Looking ahead, I think a new email client project announced by Infinity Data Systems called Odysseus may hold more promise as a real Eudora successor that will be truer to the Eudora tradition and experience than nominal Eudora 8.
Infinity Data Systems says: "We have always felt that Eudora was a best-of-breed email application for both platforms, Mac OS X and Windows. Easily one of the oldest email applications, it still offers features either not found in competing applications or, if found, not implemented as elegantly."
You can look in at this forum for updates. In the meantime, try Eudora 6.2.4.
I just read your article comparing Pixelmator and Photoshop Elements. I'm still using Elements 3.0; it's probably time for an upgrade.
What caught my eye was the fact you are using a 1.33 GHz PowerBook. That's what I'm using. I've read about the rumored new crop of MacBook Pros in June with the new Intel chips. That's got me thinking about what to do with my current PowerBook. Are you retiring yours anytime soon? I'm still running Tiger on it with 768 MB of RAM. I'm concerned the hard drive will take a plunge, although it hasn't made any unusual noises yet.
Elements 3 is still a great program, although I found the enhanced Lighting & Shadows correcting capability in version 4 well worth that upgrade. Elements 6 is even better.
Since the MacBook Pro received a major upgrade to Penryn CPUs two weeks ago, I'm exceedingly doubtful that we'll see another upgrade in June. My guess would be October or November, which is a customary time for attention to the portable lineup. Looking farther forward, there are new Intel mobile CPUs coming, but I think we'll be with Penryn for most of the rest of this year at least.
Eventually, there will have to be a major form factor change for the Pros, and I'm expecting thinner, a la the MacBook Air only (hopefully) not that extreme.
I'm planning to get an Intel 'Book as soon as I can scrape up the funds - probably an entry level MacBook the way things are going, but I don't intend on retiring this 1.33 GHz PowerBook 17" anytime soon. I really don't find that it cramps my style in terms of power. The only problem is that I need to be able to review software that is beginning to be released as Macintel only.
In my experience, hard drives are pretty reliable. I've been on the Mac for 16 years and have had just two hard drive failures - both on brand new drives with only a few hours on them - obviously manufacturing defects on those particular units.
The drive in my PowerBook (80 GB) is getting full, but it's still quiet and seems in fine fettle.
Re: Tiger Install Woes
From Meg following up on Tiger Install Woes:
Thanks so much for getting back to me. Too late. Decided to get the internal SuperDrive replaced. Already had the drive, had just been hesitant about doing it. So when this problem started and I was getting nowhere, I found a repair person. He came installed the internal drive, and 4 hours later we didn't have a bootable machine. It would get to the initial screen with the Apple logo and hang.
He took it back to his shop, and when he brought it back, it would do nothing. So today I'm off to a certified Apple repair shop and paying $60 to have the machine diagnosed. Have a hunch the motherboard is blown and I've lost my machine. Thank you for the tips, may need them another time. I really appreciate you contacting me.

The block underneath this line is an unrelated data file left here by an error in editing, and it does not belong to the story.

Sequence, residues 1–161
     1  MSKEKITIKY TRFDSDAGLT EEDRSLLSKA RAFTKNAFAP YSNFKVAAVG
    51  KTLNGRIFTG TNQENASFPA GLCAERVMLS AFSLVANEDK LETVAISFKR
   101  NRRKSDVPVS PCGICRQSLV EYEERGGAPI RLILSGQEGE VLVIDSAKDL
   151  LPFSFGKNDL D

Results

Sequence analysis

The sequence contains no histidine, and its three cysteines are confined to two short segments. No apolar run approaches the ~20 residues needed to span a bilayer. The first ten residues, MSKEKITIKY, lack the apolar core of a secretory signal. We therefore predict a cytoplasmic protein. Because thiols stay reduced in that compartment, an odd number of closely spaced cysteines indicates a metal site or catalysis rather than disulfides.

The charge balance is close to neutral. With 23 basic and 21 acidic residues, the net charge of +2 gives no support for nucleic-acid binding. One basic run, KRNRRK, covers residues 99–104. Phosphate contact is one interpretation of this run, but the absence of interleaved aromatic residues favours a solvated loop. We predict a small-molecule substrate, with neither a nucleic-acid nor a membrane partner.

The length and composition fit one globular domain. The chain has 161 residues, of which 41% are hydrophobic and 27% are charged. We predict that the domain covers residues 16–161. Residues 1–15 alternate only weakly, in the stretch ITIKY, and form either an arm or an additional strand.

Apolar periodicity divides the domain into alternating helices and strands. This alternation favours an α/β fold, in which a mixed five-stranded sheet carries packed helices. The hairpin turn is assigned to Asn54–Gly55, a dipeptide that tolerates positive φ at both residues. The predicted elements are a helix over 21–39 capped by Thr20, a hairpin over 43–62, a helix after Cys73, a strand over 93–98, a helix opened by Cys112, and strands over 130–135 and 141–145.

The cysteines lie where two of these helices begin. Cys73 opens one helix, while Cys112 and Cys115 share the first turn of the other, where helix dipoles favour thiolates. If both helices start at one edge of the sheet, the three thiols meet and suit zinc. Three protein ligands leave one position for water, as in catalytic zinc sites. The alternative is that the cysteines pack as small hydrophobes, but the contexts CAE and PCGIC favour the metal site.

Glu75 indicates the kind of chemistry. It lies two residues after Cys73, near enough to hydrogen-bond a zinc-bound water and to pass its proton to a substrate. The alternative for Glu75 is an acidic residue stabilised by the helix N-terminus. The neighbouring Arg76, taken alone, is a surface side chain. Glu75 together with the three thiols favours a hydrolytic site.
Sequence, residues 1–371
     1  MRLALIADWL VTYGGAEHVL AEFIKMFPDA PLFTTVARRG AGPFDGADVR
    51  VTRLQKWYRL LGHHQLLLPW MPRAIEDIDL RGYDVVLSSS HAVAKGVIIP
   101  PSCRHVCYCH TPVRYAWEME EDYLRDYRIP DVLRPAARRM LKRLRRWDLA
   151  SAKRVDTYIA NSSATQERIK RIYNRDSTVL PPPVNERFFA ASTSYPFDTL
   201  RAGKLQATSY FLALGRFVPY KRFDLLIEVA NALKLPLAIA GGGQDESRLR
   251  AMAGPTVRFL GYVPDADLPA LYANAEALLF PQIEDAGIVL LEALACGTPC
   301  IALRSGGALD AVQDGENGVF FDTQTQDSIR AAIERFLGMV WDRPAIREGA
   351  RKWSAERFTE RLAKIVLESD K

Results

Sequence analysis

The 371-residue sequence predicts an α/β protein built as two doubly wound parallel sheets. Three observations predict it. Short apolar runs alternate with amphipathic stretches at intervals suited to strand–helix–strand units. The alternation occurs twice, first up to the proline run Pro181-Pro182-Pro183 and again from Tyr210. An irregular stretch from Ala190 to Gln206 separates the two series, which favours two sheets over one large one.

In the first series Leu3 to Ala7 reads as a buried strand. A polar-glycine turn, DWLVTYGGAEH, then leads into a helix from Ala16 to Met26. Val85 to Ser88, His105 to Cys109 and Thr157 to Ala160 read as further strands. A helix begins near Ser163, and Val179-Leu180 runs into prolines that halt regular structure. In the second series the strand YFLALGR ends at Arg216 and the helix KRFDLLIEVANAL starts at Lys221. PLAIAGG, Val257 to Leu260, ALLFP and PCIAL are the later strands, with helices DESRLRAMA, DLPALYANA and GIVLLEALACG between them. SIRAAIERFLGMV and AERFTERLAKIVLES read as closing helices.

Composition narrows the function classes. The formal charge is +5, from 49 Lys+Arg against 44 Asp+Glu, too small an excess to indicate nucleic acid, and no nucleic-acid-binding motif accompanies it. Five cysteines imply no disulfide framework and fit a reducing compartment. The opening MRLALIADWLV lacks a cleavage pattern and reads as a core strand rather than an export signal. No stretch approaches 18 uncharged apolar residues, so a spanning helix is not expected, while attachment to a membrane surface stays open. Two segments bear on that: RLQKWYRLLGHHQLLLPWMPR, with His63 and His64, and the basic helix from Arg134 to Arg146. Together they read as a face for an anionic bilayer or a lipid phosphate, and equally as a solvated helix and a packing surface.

Didn't get this mailed 2 days ago, update - my logic board is toast. End of problem.
Sorry to hear about the mobo meltdown. Serious hardware issues are always the wild card with these sorts of malfunctions. I happens, although thankfully not a lot (except for rare bad designs like the G3 iBook's mobo). Even then, my (now my wife's) G3 iBook is in its sixth year with nary a hiccup of trouble.
In such instances, your cheapest remedy is to replace with another machine of the same type, and use the oldie for a parts mule.
Longtime reader, rare corresponder.
I have a question I've never seen addressed on Low End Mac. I'll admit to not having seen everything.
Many of the newer iPods state in their specifications that they need Tiger or newer, i.e. 10.4.x.
Is that an unbendable rule? I mean, the new color version of the iPod shuffle states the Tiger requirement, so apparently the older colors that state Panther minimum requirements have had more than their color changed.
I can see that there might indeed be internal changes made to the new classic and nano iPods that would make them possibly require a newer OS than my Video 5G and my nano 2G.
But even then, have any of your readers out there had luck synching these newer iPods to Panther, provided the latest iTunes and QuickTime are onboard?
I haven't had any personal experience with this issue. Perhaps some of our readers will be able to shed some light.
Just speculating, but I don't imagine that it would hurt to try connecting a recent iPod to a Panther machine to see whether there is some major incompatibility, or if it's just that certain features requiring Tiger or better are not supported.
Charles Moore has been a freelance journalist since 1987 and began writing for Mac websites in May 1998. His The Road Warrior column was a regular feature on MacOpinion, and he is a news editor and columnist at Applelinks.com. If you find his articles helpful, please consider making a donation to his tip jar.
Recent articles by Charles W. Moore
- Apple's Great Hebrew Support, AirPort Express Silently Upgraded, Pismo G4, and More, Charles Moore's Mailbag, 2012.12.03. Also a WindowShade replacement approved by Apple, upgrding a 15" MacBook Pro, and three 13" MacBooks.
- Is There a Cure for a Smelly Mac?, Miscellaneous Ramblings, 2012.07.30. For those suffering from Multiple Chemical Sensitivity, gases let of by a new computer can be no end of trouble.
- Optimizing PowerBook G4 Performance, TenFourFox May Run Faster with NoScript, and More, Charles Moore's Mailbag, 2012.07.18. Also pros and cons of Linux on G3 PowerBooks and iPhoto 11 no longer updating in Snow Leopard.
- More in the Miscellaneous Ramblings index.